Baruffi G, Hardy CJ, Waslien CI, et al. Ethnic differences in the prevalence of overweight among young children in Hawaii. J Am Diet Assoc. 2004;104(11):1701-7.
    Baruffi, G., Hardy, C. J., Waslien, C. I., Uyehara, S. J., & Krupitsky, D. (2004). Ethnic differences in the prevalence of overweight among young children in Hawaii. Journal of the American Dietetic Association, 104(11), pp. 1701-7.
    Baruffi G, et al. Ethnic Differences in the Prevalence of Overweight Among Young Children in Hawaii. J Am Diet Assoc. 2004;104(11):1701-7. PubMed PMID: 15499358.
    * Article titles in AMA citation format should be in sentence-case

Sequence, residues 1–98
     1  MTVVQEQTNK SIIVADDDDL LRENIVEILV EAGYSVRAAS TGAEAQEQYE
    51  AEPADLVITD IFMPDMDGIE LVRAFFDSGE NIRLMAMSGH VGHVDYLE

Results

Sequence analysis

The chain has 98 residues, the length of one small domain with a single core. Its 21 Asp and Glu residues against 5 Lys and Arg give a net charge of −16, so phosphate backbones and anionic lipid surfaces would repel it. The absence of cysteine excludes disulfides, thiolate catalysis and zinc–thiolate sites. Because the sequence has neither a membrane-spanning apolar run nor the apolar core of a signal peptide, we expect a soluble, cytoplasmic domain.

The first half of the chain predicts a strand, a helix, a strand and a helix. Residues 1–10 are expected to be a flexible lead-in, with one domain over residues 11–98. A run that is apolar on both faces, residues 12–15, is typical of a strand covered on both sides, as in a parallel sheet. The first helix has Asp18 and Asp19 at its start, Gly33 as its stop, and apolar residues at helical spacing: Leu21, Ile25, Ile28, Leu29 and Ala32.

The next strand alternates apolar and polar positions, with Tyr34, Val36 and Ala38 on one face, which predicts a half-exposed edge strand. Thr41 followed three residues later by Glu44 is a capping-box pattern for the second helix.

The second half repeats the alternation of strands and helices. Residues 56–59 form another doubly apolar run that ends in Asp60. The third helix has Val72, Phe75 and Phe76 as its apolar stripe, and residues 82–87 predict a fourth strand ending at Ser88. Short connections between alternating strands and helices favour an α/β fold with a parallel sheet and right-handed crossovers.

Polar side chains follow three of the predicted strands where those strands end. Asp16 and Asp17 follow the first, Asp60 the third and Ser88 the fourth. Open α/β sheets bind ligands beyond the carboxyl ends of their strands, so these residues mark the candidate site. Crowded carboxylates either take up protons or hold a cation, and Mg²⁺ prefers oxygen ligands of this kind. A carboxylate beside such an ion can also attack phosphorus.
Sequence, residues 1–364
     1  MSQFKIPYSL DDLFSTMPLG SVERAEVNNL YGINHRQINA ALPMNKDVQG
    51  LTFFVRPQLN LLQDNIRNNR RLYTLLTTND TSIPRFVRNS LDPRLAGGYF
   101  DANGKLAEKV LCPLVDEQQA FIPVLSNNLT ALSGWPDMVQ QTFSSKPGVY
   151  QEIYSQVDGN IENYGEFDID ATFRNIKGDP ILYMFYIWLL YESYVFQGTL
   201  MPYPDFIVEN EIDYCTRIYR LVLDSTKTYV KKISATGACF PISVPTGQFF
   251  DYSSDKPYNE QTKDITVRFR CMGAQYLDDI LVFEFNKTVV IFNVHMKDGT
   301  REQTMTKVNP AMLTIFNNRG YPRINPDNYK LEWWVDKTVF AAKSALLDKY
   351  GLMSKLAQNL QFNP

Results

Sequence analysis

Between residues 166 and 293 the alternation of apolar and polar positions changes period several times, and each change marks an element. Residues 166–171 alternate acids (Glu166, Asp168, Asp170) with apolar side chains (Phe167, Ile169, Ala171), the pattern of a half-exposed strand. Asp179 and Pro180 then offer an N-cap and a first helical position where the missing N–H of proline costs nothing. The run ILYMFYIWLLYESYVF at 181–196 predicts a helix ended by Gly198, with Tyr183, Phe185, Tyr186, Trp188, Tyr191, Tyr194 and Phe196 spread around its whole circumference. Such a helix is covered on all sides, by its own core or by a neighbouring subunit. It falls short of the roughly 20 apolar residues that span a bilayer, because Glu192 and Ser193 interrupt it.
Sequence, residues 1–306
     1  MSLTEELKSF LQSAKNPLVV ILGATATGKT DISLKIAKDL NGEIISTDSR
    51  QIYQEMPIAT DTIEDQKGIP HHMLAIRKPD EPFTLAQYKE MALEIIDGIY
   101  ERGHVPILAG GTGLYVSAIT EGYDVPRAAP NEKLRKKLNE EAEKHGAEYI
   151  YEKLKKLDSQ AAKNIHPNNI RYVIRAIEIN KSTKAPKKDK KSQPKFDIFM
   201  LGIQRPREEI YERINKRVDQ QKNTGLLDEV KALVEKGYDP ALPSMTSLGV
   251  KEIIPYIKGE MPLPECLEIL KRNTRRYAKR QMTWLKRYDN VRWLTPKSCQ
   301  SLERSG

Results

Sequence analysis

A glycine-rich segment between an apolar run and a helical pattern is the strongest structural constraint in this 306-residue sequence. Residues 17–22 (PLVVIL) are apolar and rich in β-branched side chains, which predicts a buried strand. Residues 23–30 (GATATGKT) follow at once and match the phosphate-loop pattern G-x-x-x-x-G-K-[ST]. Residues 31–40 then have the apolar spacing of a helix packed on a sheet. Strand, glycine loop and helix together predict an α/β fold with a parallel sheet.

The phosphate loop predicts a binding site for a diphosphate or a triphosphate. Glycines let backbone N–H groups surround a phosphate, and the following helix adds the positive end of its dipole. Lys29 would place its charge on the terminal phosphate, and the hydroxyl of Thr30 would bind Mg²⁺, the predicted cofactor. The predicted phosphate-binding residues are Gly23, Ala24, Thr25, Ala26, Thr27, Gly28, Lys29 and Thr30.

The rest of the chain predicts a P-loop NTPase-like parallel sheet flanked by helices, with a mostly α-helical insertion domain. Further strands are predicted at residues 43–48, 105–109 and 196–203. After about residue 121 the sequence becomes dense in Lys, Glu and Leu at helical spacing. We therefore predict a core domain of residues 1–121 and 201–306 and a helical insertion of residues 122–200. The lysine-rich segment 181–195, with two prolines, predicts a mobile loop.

TY - JOUR T1 - Ethnic differences in the prevalence of overweight among young children in Hawaii. AU - Baruffi,Gigliola, AU - Hardy,Charles J, AU - Waslien,Carol I, AU - Uyehara,Sue J, AU - Krupitsky,Dmitry, PY - 2004/10/23/pubmed PY - 2004/12/16/medline PY - 2004/10/23/entrez SP - 1701 EP - 7 JF - Journal of the American Dietetic Association JO - J Am Diet Assoc VL - 104 IS - 11 N2 - OBJECTIVES: To compare the prevalence of overweight among young children of different ethnic backgrounds and describe the age pattern of overweight in early childhood. METHODS: Cross-sectional study of 21,911 children, 12 to 59 months old, participating in the Hawaii Special Supplemental Nutrition Program for Women, Infants, and Children in 1997-1998. They were grouped in eight ethnic categories. For 1-year-olds we defined overweight as weight-for-age at the 95th percentile or more and underweight as weight-for-age at less than the 10th percentile. For 2- to 4-year-olds overweight was defined as body mass index (BMI) at the 95th percentile or more, underweight as BMI less than 10th percentile, tall stature as height-for-age at the 95th percentile or more, and short stature as height-for-age at less than the 10th percentile. The National Center for Health Statistics 2000 growth charts were the reference values. The analysis included bivariate and multivariate methods. RESULTS: Large differences were found among ethnic groups. Among 1-year-olds, Samoans were the heaviest (17.5% overweight) and Filipinos the lightest (30.2% underweight). Among 2- to 4-year-olds, Samoans were the heaviest (27.0% overweight) and the tallest (16.9% tall), whereas Asians were the lightest (12.2% underweight), and Filipinos the shortest (19.0% short). Hawaiians and Asians also had a high percentage of short children (13.6% and 12.2%, respectively). Prevalence of overweight in all 2- to 4-year-olds was more than the expected 5%, especially for Samoans, Filipinos, Hawaiians, and Asians. At age 2 to 4 years, overweight was almost twice as prevalent as at age 1. Multivariate analysis showed that ethnicity (Samoan) had the strongest independent association with weight-for-age percentile, BMI, and overweight in the two age groups, followed by birth weight. CONCLUSIONS: This is the first study of overweight among children of Asian and Pacific Island backgrounds in Hawaii. It identified important characteristics of growth and will be helpful in the design of appropriate activities to prevent overweight. SN - 0002-8223 UR - https://www.unboundmedicine.com/medline/citation/15499358/Ethnic_differences_in_the_prevalence_of_overweight_among_young_children_in_Hawaii_ L2 - https://linkinghub.elsevier.com/retrieve/pii/S0002822304013999 DB - PRIME DP - Unbound Medicine ER -